Jim Crow came from Africa. He was a mythical creature, a shape-shifting trickster in the form of a bird, who lived in the stories and songs brought to America by enslaved African men and women. When minstrel men performed exaggerated versions of these songs, they called the character they played “Jim Crow,” claiming the name for themselves.
The minstrels claimed elements not only from African culture, but from the new culture that African Americans had created for themselves. Barred from playing drums (which slaveowners feared could be used to incite rebellion), enslaved people had developed new music, making banjos from gourds, turning objects like washboards and animal bones into percussion instruments, and tapping rhythms with their feet. When their traditional dances were outlawed (because white Christians considered them blasphemous), they created a new dance style that involved the shuffling of feet (which looked less like what the slaveowners considered “dance”). It is a testament to the resilience and resourcefulness of the enslaved people that in the face of such oppression, they created entirely new art forms. Unfortunately, these too were appropriated by white minstrels.
In adopting the instruments and dances of enslaved people, minstrels could have used their popularity to celebrate and share African American culture across the country and world. They could have paid, or at least credited, the original performers who songs they sang and parodied. They could have studied with black musicians and learned how to perform the songs and dances authentically. Instead, the painted their faces black (often with oversized red lips), adopted an exaggerated dialect, and presented a caricatured version of the black race for the entertainment of their (mostly white) audiences, billing themselves as “authentic Negro performers.”
Many white audience members (and likely, even some blackface performers) had never actually met a black person, so what they saw on stage in minstrel shows informed their opinion about the black race. There were two general stereotypes presented in minstrel shows: the “plantation darkie,” an ex-slave who sang nostalgic songs about life on the plantation, and the “Northern dandy,” a free black who was very full of himself, fond of women and prone to using large words incorrectly. Both stereotypes perpetuated insidious false narratives—one of the “happy slave,” and the other of the fool who pretended to be educated. The “Northern dandy” also served as a warning that the black man could not be trusted with white women.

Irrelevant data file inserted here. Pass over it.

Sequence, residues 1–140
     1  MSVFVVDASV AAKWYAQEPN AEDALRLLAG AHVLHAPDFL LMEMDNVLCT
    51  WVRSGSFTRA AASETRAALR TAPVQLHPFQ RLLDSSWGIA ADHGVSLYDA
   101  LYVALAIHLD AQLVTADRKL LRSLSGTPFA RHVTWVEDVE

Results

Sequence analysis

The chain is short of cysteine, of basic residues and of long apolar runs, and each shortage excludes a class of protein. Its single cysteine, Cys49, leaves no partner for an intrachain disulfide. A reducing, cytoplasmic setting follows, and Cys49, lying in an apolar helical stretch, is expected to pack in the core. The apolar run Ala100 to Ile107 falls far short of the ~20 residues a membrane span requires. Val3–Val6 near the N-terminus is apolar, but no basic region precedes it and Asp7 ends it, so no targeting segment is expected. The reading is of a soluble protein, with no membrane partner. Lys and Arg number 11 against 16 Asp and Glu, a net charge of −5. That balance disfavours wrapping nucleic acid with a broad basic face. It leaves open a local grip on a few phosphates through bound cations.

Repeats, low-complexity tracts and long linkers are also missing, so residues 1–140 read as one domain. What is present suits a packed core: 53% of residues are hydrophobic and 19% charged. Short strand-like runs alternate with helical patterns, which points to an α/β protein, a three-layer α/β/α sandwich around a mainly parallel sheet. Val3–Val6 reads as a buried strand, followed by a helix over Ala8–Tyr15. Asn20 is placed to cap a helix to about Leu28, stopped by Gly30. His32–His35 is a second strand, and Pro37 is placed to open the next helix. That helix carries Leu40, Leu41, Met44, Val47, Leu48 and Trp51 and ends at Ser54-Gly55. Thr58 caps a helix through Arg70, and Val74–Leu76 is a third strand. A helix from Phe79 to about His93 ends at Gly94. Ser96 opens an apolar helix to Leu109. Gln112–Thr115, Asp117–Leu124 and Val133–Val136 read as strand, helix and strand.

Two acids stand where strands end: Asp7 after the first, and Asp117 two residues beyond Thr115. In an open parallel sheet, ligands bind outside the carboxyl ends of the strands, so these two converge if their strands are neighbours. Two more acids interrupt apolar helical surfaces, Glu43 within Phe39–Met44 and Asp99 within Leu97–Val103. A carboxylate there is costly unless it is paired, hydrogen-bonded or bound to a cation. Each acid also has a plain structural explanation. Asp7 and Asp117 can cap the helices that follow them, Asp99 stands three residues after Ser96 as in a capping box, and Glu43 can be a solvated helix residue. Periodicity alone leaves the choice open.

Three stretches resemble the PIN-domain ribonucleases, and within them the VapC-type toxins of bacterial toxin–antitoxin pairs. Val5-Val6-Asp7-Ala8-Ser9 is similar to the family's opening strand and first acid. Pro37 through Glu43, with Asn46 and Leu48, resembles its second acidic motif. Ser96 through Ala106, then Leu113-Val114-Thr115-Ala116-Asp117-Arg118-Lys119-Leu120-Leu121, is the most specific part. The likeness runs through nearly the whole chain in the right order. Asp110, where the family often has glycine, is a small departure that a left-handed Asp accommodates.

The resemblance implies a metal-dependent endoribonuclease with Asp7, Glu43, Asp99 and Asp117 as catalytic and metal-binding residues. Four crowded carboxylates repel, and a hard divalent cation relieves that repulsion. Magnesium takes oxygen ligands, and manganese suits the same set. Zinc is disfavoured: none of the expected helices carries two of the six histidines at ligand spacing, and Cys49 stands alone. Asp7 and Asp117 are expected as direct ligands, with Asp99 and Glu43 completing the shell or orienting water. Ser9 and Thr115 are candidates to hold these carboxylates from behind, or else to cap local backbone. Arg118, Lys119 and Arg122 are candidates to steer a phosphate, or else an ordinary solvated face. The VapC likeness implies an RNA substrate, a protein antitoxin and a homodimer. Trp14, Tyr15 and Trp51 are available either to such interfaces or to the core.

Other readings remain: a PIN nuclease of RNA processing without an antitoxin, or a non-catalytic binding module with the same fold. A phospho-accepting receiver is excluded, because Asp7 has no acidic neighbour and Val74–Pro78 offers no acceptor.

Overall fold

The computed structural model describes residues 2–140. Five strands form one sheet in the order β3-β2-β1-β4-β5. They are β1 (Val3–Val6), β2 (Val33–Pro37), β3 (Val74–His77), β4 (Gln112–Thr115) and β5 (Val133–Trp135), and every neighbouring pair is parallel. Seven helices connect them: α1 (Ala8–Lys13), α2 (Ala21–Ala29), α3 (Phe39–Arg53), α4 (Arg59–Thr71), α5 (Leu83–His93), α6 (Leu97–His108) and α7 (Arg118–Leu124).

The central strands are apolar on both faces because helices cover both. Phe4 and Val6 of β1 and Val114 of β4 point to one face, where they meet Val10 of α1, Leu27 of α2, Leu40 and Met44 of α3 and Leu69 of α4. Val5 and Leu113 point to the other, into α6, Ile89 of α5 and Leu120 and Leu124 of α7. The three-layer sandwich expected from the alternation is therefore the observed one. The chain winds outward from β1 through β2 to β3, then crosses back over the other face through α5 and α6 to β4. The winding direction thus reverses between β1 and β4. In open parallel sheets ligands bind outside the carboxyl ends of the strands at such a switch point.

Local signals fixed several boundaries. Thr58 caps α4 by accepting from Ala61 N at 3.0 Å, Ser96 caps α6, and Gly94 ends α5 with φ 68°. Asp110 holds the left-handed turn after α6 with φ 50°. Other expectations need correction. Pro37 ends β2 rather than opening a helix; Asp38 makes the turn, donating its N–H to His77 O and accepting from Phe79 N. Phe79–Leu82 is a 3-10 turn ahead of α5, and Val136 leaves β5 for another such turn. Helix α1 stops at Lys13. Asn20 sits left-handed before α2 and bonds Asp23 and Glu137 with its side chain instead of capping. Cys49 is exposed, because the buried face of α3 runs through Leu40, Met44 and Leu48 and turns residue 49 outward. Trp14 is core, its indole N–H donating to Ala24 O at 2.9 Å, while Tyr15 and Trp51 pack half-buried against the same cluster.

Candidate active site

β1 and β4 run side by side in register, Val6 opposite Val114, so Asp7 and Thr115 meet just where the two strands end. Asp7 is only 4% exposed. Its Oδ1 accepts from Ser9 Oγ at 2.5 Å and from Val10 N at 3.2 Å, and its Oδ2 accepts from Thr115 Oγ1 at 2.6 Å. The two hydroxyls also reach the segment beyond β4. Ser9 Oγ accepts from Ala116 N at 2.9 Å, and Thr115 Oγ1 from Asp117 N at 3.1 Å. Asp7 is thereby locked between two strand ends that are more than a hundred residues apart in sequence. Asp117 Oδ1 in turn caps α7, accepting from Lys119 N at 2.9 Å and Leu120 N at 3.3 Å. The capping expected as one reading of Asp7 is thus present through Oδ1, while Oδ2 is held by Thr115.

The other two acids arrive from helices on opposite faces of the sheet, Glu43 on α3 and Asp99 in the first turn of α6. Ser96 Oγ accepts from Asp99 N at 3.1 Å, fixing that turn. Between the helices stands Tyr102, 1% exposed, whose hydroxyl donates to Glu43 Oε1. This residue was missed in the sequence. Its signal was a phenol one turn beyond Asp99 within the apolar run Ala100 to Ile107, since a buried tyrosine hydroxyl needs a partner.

It wasn’t only black men who were caricatured in minstrel shows. The stereotype of the drunk, belligerent Irishman was cultivated in minstrel shows, as well as that of the stoic beer-drinking German. There were also female impersonators. But even when portraying white characters, the minstrels wore blackface. The blackface character was the clown, the immigrant, the poor man, the uneducated man, the one at whom audiences loved to laugh. Blackface meant “lesser,” and while much of the humor in minstrels shows was about poking fun at upper class, at the end of every skit and song the blackface character was still at the bottom looking up, a situation which reinforced for white audiences their comfortable place of superiority.
It may seem surprising that when black performers later joined in the minstrel business, they also painted their faces black, but by this time the convention had been well established. One black minstrel performer said that “the public had gotten used to seeing the Negro minstrel as he is depicted by the whites, and when the genuine article came along the public was a little disappointed to find that he was not so black as he was painted.” To this day, African Americans work to overcome the stereotyped representations of them that have persisted in the entertainment industry and in the larger culture for hundreds of years. Many white Americans still form their opinions of black people from their depictions in movies and television, which is why it is so important for black men and women to be given space to write, produce, and perform their own art and present their authentic selves.